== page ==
Engaging young women and men in science
Conferences introduce middle school girls and boys to STEM careers
Most middle school kids prefer to spend Saturdays sleeping in, watching TV and playing video games. But on two recent weekends, some made an exception. One-hundred and thirty girls participated in the Women in Science Conference on Saturday, March 24, and 70 boys attended its counterpart, the Men in STEM Conference, on Saturday, March 31. Both events were created by the Regional Science Resource Center (RSRC) at UMass Medical School with other members of the Central Massachusetts Science, Technology, Engineering and Mathematics (STEM) Network to support the goals of improving STEM education and increasing the number of students interested in related careers.
Sponsored by the RSRC as part of Innovation Month in the Worcester public schools, both conferences have the same objective: to expose middle school students to future career opportunities in STEM in a way that is fun, engaging, and connects the world of work to the world of the middle school student. Women in Science was established first to address the underrepresentation of women in STEM careers, with Men in STEM created subsequently in response to popular demand from middle school educators and students. The events remain separate in order to allow boys and girls to be inspired by professional role models of their own gender.
Judging from comments the kids made about their experiences at the conferences, these goals were achieved. “If I had to describe this conference to another girl, I would tell her it was really inspiring and I loved it!” wrote one Women in Science participant. Speaker Lydia Villa-Komaroff, PhD, “was very inspiring and her story makes me think that, with confidence, you can achieve your dreams,” wrote another. “I never knew about all the different jobs for females in science,” said a third.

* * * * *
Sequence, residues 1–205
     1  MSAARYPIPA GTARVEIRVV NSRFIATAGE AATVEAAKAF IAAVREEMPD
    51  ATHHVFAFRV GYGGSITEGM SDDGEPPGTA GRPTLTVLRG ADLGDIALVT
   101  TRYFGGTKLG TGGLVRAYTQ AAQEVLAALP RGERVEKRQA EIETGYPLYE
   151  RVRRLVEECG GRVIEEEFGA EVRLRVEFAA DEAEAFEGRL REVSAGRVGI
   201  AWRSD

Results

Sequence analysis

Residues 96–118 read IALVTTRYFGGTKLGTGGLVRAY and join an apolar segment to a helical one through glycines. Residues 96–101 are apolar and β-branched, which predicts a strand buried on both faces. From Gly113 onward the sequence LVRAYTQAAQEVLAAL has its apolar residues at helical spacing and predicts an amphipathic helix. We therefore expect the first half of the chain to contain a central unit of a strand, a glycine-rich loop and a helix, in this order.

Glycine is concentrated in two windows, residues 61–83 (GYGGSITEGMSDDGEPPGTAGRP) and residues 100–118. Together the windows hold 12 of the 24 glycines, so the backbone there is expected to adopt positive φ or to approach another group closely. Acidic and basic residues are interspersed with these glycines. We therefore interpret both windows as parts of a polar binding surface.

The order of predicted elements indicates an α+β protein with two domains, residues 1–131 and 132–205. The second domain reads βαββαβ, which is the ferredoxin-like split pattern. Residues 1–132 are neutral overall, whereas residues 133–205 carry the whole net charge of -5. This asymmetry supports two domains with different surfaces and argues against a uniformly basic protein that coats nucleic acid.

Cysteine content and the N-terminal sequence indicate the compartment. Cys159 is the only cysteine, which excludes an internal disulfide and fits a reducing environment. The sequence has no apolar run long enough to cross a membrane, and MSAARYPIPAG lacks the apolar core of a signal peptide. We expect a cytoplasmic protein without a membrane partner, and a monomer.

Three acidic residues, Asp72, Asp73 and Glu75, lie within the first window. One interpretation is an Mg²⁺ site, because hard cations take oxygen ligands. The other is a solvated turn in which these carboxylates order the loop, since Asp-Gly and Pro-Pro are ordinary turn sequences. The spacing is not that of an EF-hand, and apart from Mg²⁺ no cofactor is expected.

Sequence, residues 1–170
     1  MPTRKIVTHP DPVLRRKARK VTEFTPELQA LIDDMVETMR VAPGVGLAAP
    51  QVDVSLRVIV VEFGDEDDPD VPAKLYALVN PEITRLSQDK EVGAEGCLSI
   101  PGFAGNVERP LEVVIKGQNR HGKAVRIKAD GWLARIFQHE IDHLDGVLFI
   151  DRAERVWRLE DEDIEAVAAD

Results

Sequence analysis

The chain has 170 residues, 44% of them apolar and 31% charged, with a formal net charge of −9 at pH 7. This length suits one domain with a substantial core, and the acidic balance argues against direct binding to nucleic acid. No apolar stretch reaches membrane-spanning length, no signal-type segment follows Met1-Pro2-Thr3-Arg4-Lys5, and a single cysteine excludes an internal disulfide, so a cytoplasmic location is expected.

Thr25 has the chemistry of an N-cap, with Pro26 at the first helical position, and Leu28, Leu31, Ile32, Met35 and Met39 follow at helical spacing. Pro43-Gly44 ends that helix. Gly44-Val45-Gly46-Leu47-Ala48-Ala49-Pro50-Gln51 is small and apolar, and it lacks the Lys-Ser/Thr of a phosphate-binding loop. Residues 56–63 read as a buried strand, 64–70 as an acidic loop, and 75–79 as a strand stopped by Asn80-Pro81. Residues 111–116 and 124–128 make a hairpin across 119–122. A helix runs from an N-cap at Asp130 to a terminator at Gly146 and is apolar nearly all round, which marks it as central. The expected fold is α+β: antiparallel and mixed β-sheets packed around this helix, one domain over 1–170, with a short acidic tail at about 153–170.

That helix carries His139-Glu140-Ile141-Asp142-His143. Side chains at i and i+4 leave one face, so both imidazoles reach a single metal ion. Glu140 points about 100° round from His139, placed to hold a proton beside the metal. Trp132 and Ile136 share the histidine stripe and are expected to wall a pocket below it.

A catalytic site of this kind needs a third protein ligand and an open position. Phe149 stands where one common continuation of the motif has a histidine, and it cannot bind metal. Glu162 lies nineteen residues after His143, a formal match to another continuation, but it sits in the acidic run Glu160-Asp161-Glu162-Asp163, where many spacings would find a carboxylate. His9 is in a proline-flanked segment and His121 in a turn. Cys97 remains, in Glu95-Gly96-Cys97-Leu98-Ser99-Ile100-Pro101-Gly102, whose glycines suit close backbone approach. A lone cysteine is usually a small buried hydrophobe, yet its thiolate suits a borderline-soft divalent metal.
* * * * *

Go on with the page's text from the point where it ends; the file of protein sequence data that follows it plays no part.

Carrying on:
The boys were equally enthusiastic. “I want to be an engineer because I know more about it now,” said one. “My career goals have changed because of the inspiring speech of the chairman,” wrote another. One’s advice to other boys who might attend in the future: “It was a life-changing experience. . . . Also, it was fun!”
View the slideshows to see Women in Science and Men in STEM participants in action.
Women in Science
The 16th annual Women in Science Conferencefeatured demonstrations and group activities at the EcoTarium in Worcester, followed by a luncheon and keynote address at the Medical School. Girls had a choice of three out of eight concurrent 45-minute workshops led by 23 professional women, including an engineer, marine biologist, physician, criminologist, health care professional, science teacher and environmentalist, among others. The workshops showed the students, through interactive hands-on activities, how science is used in the workplace. Presenters also explained different entry levels to their careers, and provided tips on courses of study and ways to prepare and train for their professions. Following lunch, former UMMS faculty member Lydia Villa-Komaroff, PhD, chief scientific officer at Cytonome/ST, LLC, gave a talk, “Dreams and Realities: A Life in Science."
Men in STEM
The 4th annual Men in STEM conference also began at the Ecotarium, where each middle school boy chose three out of seven different interactive workshops led by 17 men who, like Women in Science, use science in their careers and shared personal stories of overcoming obstacles as well as achieving success. The keynote speaker was Charles F. Desmond, EdD, chair of the Board of Trustees for the Massachusetts Department of Higher Education, which provides funding for the Central Massachusetts STEM Network. Lunch at Intel in Hudson provided an opportunity for students and presenters to continue discussions in a more informal setting. Following lunch, the boys donned “bunny suits” in order to enter the clean rooms at Intel for a design challenge and tours of the company’s computer chip fabrication facility.